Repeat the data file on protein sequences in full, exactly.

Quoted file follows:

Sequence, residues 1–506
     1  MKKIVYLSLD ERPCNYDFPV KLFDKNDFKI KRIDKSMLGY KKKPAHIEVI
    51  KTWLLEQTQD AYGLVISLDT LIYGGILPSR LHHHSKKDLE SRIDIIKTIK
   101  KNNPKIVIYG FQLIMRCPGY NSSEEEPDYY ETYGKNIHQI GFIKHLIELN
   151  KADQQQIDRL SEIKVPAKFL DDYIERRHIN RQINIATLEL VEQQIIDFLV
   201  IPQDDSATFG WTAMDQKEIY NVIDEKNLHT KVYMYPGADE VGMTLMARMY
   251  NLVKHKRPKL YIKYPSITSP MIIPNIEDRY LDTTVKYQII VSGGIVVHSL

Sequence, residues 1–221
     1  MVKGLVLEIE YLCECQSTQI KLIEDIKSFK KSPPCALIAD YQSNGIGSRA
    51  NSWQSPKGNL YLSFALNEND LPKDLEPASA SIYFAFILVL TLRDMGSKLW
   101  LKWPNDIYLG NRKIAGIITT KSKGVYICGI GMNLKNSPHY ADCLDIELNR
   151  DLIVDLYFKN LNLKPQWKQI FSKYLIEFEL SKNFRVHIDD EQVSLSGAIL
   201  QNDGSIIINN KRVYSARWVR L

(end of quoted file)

Sequence, residues 1–506
     1  MKKIVYLSLD ERPCNYDFPV KLFDKNDFKI KRIDKSMLGY KKKPAHIEVI
    51  KTWLLEQTQD AYGLVISLDT LIYGGILPSR LHHHSKKDLE SRIDIIKTIK
   101  KNNPKIVIYG FQLIMRCPGY NSSEEEPDYY ETYGKNIHQI GFIKHLIELN
   151  KADQQQIDRL SEIKVPAKFL DDYIERRHIN RQINIATLEL VEQQIIDFLV
   201  IPQDDSATFG WTAMDQKEIY NVIDEKNLHT KVYMYPGADE VGMTLMARMY
   251  NLVKHKRPKL YIKYPSITSP MIIPNIEDRY LDTTVKYQII VSGGIVVHSL

Sequence, residues 1–221
     1  MVKGLVLEIE YLCECQSTQI KLIEDIKSFK KSPPCALIAD YQSNGIGSRA
    51  NSWQSPKGNL YLSFALNEND LPKDLEPASA SIYFAFILVL TLRDMGSKLW
   101  LKWPNDIYLG NRKIAGIITT KSKGVYICGI GMNLKNSPHY ADCLDIELNR
   151  DLIVDLYFKN LNLKPQWKQI FSKYLIEFEL SKNFRVHIDD EQVSLSGAIL
   201  QNDGSIIINN KRVYSARWVR L